Young the Giant Hits Home with Audience, Produces More Mature Album


On Wednesday, Nov. 28, Young the Giant returned to St. Louis for the fourth time since their “Home of the Strange” tour. After performing at the Pageant during the fall of 2016, they returned in the spring to Hollywood Ampitheater. They were also WashU’s WILD free concert in October. Young the Giant is always a treat to watch and their performance last week at The Stifel Theatre was no exception.

105.7 The Point’s series of HoHo shows began last week with Smashing Pumpkins, followed by Young the Giant in their countdown to Christmas. Since then,The Point has hosted Bastille, Nathaniel Rateliff and within the next few weeks, Meg Myers, The Revivalists and Dirty Heads.

As everyone started to trickle in at the beginning of Wednesday’s 7:30 p.m. show, the curly-haired Grandson took up the stage starting with his song “6:00” from his only EP, “a modern tragedy vol. 1.” But his confidence wasn’t dampened by the fact that he was a newcomer because he had a bigger message to spread. Before each track, Grandson compared the relevance of the lyrics to the national scene, especially in this political climate. Once he started, the crowd went wild as he began to mesh together slow rap and ballads that energized into trap music and loud guitar riffs that almost create the passionate child of Twenty One Pilots, a responsible voice in mental-health for example, that needs to be heard.

By the time Grandson had finished, a larger crowd had filled the auditorium with the anticipation for the appearance of Young the Giant. For a slightly underwhelmingly-sized audience, Sameer Gadhia opened “Oblivion” with a bang—to which the audience roared and rightfully so.

“Mirror Master” is arguably the 10-year-old indie rock band’s most mature album, one that excels lyrically. Their previous effort, “Home of the Strange,” allowed for the five-piece California band—including Jacob Tilley on guitar and synthesizers, Eric Cannata on guitar and keyboard, Payam Doostzadeh on bass guitar and synthesizer and Francois Comtois on drums—to navigate through their identity as non-natives in America to show the world who they really are. In this show, they embrace this new album, showing everyone what they feel.

“Mirror Master” has a tune for every emotion, even the ones you didn’t think you had. With unique melodies such as “Panoramic Girl,” a song that showcases Gadhia’s vocal range as he reminisces on the blurred memories of a romance echoed by a mystic chorus laid over constant upbeats, and “Brother’s Keeper,” which expresses a cry for help in times of loneliness. With this album that hits home on so many levels, a good chunk of music lovers don’t even know what they are missing. In this concert, Gadhia carried the vulnerability and maturity of the album on stage, as he shed the eccentric red-orange jumpsuit that he flashed throughout the “Home of the Strange” tour and replaced it with a monochromatic black tee and grayish khaki pants.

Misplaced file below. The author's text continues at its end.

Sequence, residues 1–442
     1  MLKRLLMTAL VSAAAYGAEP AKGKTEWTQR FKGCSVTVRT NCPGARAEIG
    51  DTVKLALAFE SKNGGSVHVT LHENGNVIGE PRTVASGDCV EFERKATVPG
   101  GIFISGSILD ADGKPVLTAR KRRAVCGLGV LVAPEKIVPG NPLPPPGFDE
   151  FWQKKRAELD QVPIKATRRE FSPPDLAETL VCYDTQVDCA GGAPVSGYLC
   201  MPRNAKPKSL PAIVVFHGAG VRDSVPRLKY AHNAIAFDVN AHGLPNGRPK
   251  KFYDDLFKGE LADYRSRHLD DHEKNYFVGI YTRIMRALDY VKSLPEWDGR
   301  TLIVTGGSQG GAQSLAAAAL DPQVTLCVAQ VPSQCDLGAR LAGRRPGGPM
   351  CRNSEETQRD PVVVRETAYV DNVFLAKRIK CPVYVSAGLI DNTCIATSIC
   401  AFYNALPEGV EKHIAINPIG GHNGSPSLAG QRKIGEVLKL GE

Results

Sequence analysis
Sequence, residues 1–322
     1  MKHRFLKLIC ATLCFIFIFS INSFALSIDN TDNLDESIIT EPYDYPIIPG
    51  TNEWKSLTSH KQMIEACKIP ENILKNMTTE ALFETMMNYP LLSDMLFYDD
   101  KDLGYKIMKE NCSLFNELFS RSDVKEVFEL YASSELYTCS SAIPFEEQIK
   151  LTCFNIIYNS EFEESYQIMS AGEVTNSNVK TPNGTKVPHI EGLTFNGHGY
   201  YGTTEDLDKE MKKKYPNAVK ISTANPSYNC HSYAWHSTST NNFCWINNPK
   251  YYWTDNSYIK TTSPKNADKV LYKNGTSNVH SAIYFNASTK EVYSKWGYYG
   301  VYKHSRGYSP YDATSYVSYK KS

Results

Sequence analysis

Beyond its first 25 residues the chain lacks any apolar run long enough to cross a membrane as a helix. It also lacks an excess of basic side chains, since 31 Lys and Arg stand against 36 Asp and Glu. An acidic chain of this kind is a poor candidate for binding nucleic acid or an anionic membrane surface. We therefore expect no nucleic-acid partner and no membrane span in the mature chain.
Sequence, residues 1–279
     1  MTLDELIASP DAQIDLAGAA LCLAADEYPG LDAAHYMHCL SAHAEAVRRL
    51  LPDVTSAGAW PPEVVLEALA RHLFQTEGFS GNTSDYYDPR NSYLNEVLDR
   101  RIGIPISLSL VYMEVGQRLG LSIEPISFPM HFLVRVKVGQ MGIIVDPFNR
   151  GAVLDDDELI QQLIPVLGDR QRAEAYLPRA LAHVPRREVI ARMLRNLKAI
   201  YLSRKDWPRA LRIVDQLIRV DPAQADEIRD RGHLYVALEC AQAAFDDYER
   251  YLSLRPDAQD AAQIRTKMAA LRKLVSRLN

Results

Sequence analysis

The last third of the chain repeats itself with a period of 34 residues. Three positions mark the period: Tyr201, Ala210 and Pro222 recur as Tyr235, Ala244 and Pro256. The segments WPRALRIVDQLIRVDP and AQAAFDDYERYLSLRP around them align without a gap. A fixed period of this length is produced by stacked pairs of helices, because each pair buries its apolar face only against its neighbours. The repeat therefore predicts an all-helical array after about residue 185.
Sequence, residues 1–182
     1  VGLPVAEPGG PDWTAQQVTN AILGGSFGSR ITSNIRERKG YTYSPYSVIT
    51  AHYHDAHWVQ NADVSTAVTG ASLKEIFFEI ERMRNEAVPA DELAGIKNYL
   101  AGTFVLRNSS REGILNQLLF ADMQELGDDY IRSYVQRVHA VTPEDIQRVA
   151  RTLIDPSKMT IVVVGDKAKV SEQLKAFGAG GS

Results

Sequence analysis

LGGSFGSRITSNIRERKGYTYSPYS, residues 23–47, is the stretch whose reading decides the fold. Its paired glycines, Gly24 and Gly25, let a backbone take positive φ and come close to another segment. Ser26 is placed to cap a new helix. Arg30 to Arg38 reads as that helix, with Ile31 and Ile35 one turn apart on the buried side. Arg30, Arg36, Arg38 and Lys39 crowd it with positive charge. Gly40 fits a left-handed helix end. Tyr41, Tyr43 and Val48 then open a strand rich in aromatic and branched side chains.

The band set up the stage under a foggy-colored backdrop creating a vibe that they thrived in. The set continued with “Something to Believe In,” a hit from the last album, went back to the classics such as “Apartment” and slowed it down with the track “Titus was Born,” making use of the “noise-stand” and the looping device. These knick-knacks along with Gadhia’s creativity are what make the band excel live. Although they use standard instruments, Gadhia’s “noise-stand” holds random sounds such as a horn and a tambourine that accentuates the melodies and make them quirky. Gadhia’s voice blends in perfectly with the articulate hard-hitting words and softer voice in places in “Amerika.” The smoothness of his lower register transition into the upper register, with occasional and purposeful voice breaks, brings the audience into his mind, making them feel what he is feeling. Gadhia’s ability to bring more strength and rigidity to his voice is showcased in the beat and electric guitar-driven “Mind Over Matter.” After playing their classic hit “Cough Syrup,” the band played some of their underdogs such as “Nothing’s Over” from “Home of the Strange” and “Call Me Back,” a single that was one of the four released prior to the release of “Mirror Master” (the others being “Simplify,” “Superposition” and “Heat of the Summer”). Gadhia accompanied these tunes with groovy moves, jumps and swinging.

After a blink-and-miss break, the band returned to play their unannounced encore that consisted of “Superposition,” the angsty “Tightrope,” Silvertongue” and the hard-hitting “My Body.” Immediately after, Gadhia announced the band’s exit and audience members started to leave while other confused audience members, convinced that they were going to get an encore, stayed to hear the gems from “Mirror Master” such as the titular song and “Panoramic Girl.” But unfortunately, Young the Giant left us wanting more after cutting their set about five songs short.

Young the Giant will be back in Missouri on Feb. 17 at The Blue Note in Columbia.